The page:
It would be reasonable to ask how, out of all this chaos, mistrust, ill treatment and double-dealing, Rochdale could be regarded as the home of Co-opertion. The fact is that it was this very chaos which stimulated some people in Rochdale to look for a different way. It had become clear to working people in Rochdale and their enlightened supporters among the middle-class that, if things were going to get better, they could not expect help from either the government or their capitalist employers. The government was resisting all efforts towards universal sufferage and the capitalists were insulating themselves against the boom and bust nature of the marketplace by squeezing their workforces. The way forward for working people lay in self-improvement. The workers needed to build associations that would provide them with education and improved living conditions.

Robert Owen © Robert Owen Museum

Robert Owen was born in 1771 in Newtown in Wales. At the age of 16 he moved to Manchester to take up a position with a wholesale and retail drapery business. Owen was a fast mover. At the age of 19 he borrowed £100 to set up a company to manufacture spinning mules. Two years later he moved on to become manager of Drinkwater's large spinning factory in Manchester. Exercising the 18th century equivalent of "networking", he got to know David Dale the owner of the Chorton Twist Company in New Lanark, Scotland, at the time Britain's largest cotton spinning business. The two men became good friends and in 1799 Owen married Dale's daughter. With financial assistance from other Manchester business men, Owen paid Dale £60,000 for his four textile mills in New Lanark.

Here is where Owen's reputation as a social engineer began. He was of the opinion that all people were basically good and that the more negative aspects of their behaviour were forced upon them by the difficulties they faced in life. He believed that in the right environment people would be rational, good, and humane. He also saw education as a vital part of this process. In his New Lanark mills he changed the practice of children as young as 5 working 16 hours days. He introduced a minimum age of 10 and provided nursery and infant schools for the under 10s. He also provided a secondary school for his older child employees. He banned physical punishment in the mills and the schools.

Owen travelled the country talking about his ideas, wrote books and even sent his proposals on factory reform to Parliament. He advocated the setting up of new communities, which he called "Villages of Co-operation". He believed that in time such a movement would eliminate capitalism and replace it with a "Co-operative Commonwealth".

Statue of Robert Owen © Robert Owen Museum

Robert Owen was a very influential figure in a Britain in which trade-unionism and Co-operative movements were developing. However, his wasn't the only voice. Dr. William King of Brighton was a Co-operator but his views were somewhat different from Owen's. He saw a Co-operative store as central to a process that would provide the working-class with an opportunity to help themselves. He was proposing a shop that would sell a limited number of products to members of a co-operative. As profits provided capital, it would be used to subsidize production of products by members. Eventually, this would lead to the establishment of factories and hence Owen's Co-operative Commonwealth.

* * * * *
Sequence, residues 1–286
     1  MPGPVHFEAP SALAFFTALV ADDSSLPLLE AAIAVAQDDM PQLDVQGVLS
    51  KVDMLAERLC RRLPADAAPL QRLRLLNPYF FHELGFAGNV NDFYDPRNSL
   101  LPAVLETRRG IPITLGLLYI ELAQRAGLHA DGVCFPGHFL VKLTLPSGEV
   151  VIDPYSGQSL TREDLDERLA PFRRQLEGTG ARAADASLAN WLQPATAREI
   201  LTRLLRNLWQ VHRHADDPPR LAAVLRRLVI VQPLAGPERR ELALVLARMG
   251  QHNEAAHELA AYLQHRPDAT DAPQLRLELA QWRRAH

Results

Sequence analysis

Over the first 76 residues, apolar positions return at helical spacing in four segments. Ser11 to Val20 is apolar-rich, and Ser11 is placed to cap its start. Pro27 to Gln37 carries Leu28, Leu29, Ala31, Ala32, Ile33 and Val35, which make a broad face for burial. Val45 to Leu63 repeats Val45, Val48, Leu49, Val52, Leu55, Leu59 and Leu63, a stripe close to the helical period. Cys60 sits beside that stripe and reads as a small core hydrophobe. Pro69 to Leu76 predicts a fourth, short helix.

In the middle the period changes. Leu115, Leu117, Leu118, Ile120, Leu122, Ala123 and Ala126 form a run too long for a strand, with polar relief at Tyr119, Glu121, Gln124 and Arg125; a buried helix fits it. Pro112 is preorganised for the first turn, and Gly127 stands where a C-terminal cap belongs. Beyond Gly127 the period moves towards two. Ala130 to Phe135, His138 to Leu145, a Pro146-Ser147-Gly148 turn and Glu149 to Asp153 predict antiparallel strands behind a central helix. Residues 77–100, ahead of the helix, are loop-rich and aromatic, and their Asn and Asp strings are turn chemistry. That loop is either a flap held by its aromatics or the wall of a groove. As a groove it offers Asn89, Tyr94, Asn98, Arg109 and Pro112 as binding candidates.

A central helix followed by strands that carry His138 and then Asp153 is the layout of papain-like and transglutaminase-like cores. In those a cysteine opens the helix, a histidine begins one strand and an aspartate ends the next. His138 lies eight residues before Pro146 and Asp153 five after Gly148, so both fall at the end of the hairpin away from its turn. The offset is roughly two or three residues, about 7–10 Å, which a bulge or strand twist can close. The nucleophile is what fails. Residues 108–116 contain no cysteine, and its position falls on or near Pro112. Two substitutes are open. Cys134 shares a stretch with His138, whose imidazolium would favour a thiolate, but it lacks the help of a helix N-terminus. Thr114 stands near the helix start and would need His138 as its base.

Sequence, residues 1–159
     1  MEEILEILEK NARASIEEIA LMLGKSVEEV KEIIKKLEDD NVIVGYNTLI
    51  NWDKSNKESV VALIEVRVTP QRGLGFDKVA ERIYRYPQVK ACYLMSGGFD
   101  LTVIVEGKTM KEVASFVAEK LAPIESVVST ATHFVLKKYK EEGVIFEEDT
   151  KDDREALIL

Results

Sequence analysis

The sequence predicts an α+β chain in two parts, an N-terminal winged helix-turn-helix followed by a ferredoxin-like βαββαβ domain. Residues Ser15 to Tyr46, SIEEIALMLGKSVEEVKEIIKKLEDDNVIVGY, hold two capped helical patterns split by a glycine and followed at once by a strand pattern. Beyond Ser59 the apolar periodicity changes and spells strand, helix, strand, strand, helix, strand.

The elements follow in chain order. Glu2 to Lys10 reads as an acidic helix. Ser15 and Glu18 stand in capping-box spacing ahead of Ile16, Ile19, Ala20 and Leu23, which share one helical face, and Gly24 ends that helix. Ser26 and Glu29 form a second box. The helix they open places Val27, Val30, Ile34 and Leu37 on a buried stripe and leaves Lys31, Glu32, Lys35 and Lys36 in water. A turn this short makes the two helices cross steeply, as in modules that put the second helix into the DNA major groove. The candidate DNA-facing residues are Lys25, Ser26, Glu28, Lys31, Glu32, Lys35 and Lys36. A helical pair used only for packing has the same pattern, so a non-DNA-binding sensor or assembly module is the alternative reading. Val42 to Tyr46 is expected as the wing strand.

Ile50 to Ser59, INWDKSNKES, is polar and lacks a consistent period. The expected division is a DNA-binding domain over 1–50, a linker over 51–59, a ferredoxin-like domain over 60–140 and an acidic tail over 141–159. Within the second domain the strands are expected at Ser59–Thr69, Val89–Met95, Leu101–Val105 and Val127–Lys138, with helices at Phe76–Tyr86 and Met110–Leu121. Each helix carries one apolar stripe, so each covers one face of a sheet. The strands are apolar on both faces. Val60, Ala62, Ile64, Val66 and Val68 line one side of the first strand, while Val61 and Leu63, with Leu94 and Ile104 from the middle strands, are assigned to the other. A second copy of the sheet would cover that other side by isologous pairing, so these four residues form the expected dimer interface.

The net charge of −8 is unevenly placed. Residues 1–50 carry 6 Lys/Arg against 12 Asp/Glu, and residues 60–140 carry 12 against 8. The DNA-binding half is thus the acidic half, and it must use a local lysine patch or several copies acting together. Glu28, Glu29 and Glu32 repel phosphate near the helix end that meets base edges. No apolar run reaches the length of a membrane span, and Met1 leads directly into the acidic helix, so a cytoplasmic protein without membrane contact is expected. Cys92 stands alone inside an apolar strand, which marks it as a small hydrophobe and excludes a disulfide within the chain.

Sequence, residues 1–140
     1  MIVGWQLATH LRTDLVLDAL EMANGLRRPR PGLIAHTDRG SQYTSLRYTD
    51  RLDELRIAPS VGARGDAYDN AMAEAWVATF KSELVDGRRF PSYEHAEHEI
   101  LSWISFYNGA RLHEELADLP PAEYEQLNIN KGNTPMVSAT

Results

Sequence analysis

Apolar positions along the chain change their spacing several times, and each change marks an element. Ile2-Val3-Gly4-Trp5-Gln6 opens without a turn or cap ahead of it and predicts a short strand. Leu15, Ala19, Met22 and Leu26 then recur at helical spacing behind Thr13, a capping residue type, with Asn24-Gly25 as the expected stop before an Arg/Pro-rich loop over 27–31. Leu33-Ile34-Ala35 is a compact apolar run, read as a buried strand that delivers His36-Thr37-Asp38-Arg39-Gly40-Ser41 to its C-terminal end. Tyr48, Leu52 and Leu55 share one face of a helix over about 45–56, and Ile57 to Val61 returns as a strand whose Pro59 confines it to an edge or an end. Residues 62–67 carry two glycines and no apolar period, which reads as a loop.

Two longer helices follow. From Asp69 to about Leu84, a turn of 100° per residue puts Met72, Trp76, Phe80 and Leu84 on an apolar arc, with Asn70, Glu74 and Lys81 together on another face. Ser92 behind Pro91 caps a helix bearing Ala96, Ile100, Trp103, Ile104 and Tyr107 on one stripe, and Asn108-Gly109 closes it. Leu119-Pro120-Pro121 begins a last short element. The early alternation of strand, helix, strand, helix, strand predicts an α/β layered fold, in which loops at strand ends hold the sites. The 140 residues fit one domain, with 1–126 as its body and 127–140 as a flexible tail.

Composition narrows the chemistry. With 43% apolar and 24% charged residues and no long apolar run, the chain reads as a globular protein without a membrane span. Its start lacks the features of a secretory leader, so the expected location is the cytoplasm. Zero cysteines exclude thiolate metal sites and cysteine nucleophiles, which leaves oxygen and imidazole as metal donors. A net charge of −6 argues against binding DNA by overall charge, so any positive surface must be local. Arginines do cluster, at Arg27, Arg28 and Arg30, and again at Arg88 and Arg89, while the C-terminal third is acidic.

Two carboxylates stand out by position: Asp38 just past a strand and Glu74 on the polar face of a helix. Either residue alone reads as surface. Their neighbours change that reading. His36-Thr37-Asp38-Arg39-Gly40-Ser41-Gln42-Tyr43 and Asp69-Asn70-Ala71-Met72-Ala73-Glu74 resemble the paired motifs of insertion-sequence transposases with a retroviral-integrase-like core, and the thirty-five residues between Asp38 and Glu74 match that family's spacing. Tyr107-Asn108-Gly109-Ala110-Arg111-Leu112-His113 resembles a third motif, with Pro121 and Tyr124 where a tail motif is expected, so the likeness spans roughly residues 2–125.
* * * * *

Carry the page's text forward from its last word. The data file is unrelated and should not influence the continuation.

In 1832 the weavers founded the Rochdale Friendly Co-operative Society and in 1833, inspired by the enthusiasm for Owen's ideas, they actually opened their own shop at 15 Toad Lane. This first shop only lasted two years before it was forced to close.

In 1844 the Rochdale economy was in another of those dizzying nose-dives that once again led to wage reductions which in turn triggered strikes. Unemployed weavers meeting at the Socialist Institute and no doubt debating Chartist and Owenism philosophies established a new society. These Rochdale Pioneers formulated the Rochdale Principles upon which their version of co-operation were founded. These principles were:

1. Democratic control, one member one vote and equality of the sexes.
2. Open membership.
3. A fixed rate of interest payable on investment.
4. Pure, unadulterated goods with full weights and measures given.
5. No credit.
6. Profits to be divided pro-rata on the amount of purchase made (the divi).
7. A fixed percentage of profits to be devoted to educational purposes.
8. Political and religious neutrality.

Toad Lane shop  © Jeff Mills

With money raised from the original 28 subscribers, a shop was founded in a warehouse at 31 Toad Lane and it was equipped and stocked. The shop opened on the 21st of December, 1844. By 1848 the Co-operative had 140 members. However, when the Rochdale Savings Bank collapsed in 1849, due to the fact that one of its underwriting mill owners George Howarth had embezzled the funds to prop up his own failing business, people turned to the Rochdale Equitable Pioneers Society so that their money would be in safe hands. The society's membership went up to 390 that year, but by 1860 it had sky-rocketed to 3,500.

The Rochdale style of consumer Co-operative became the norm and the model for others to follow. The principles were applied in neighbouring towns and then across the country. By 1880 the national membership of consumer societies had reached over a half a million people and by the turn of the century 1.5 million.


The two images of Robert Owen, shown on this page, are displayed with the permission of John Hatton Davidson, Hon Curator of the Robert Owen Museum in Newtown, Powys, Wales.

The image of the Co-op shop at 31 Toad Lane is shown with the permission of Jeff Mills.